Shanley started work on June 10th, 1961.  The general manager at WGAR took him to Municipal Stadium to meet with Browns' owner Art Modell and Head Coach Paul Brown in the owner's office.  Modell, at that point, had owned the Browns for only a couple of months.  So, his presence in the room didn't make Shanley nervous.  Brown's presence did.  Paul Brown was a legend in Ohio.  He'd won mythical state championships at Massillon High School and a national championship at Ohio State in 1942.   He organized the Browns as a professional football team in 1946 and had led them to four AAFC championships and three NFL championships by 1960.   Brown was sitting, in a straight chair, when Shanley walked in the room that day.  "He kept rocking back and forth, back and forth as we were talking," Shanley remembered about Brown.   "Then, he fell backwards.  Paul Brown fell right over backwards," said Shanley.  "What do you do when God falls off his chair," Shanley asked.  "I didn't do anything.  Finally, Art looked at Paul and said, you okay?  Paul said yea, I'm okay.   So," Shanley continued, "when people asked me how my meeting went with Paul Brown I told them he fell for me right away." 

When the meeting was over, Modell took Shanley out into the stadium.  At the time, Shanley wore very thick, black rimmed glasses.  "I had terrible eyesight," said Shanley.   Art and Gib looked down on the field.  Modell turned to Shanley and said "can you see the field?"  Shanley looked out, turned to Modell and replied "what field?"  Then they both laughed.

A Near End

After Shanley's first year in the booth, Art Modell tried to replace him.  "I guess he didn't think I did a good enough job," said Shanley.  Modell wanted to hire Bob Neal, who had been the Browns play-by-play voice from 1946-to1951.  Neal, however, was doing Cleveland Indians games at the time and Indians General Manager Gabe Paul wouldn't let him do both.  "Otherwise," said Shanley, "I would've been out.  If it hadn't been for Gabe Paul, I probably never would've done the Browns again."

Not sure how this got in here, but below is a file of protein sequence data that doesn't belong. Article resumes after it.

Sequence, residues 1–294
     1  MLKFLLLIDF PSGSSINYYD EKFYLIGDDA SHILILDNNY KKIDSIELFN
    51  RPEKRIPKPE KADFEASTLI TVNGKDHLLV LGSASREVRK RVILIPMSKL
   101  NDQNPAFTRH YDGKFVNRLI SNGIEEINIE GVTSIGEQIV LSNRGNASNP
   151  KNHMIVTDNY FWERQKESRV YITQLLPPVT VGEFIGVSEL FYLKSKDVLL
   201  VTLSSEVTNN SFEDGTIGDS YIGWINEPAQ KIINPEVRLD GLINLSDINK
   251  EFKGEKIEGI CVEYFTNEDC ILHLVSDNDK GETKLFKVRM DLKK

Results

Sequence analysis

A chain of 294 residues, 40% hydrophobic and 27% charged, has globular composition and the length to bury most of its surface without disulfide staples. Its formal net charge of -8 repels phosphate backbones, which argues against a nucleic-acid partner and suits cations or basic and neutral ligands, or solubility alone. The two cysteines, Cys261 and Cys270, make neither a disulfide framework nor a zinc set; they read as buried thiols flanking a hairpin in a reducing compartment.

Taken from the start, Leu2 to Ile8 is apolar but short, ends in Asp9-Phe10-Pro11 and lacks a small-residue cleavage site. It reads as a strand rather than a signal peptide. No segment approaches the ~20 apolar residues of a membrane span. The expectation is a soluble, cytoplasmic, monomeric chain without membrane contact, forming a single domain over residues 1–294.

Learning from the Greatest

The Browns held training camp at Hiram College.  Shanley spent every week at camp.  He slept at camp.  He did his WGAR sports reports from there too.  "Paul Brown invited me into the team's film sessions at night," said Shanley.  "He wanted me to see what the team was trying to do.  He wanted me to understand.  Well," Shanley continued, "the first night Brown and the coaches spent 20 minutes on one play, 20 minutes!  They kept stopping the film, taking it back and forth, back and forth.  I'm thinking to myself, let's move along.  They didn't and I never went back," laughed Shanley.

The practice field was Shanley's classroom.  "Paul would allow the media, which amounted to four of us, to stand behind the offense and watch the team practice.  You could see what they were doing and why they were doing it.  You could learn by just listening and watching and Paul allowed us to do that," Shanley pointed out.  "I learned more about football in those first few years than all the years of my life."

Coming Monday: Gib talks about some of his favorite Browns memories...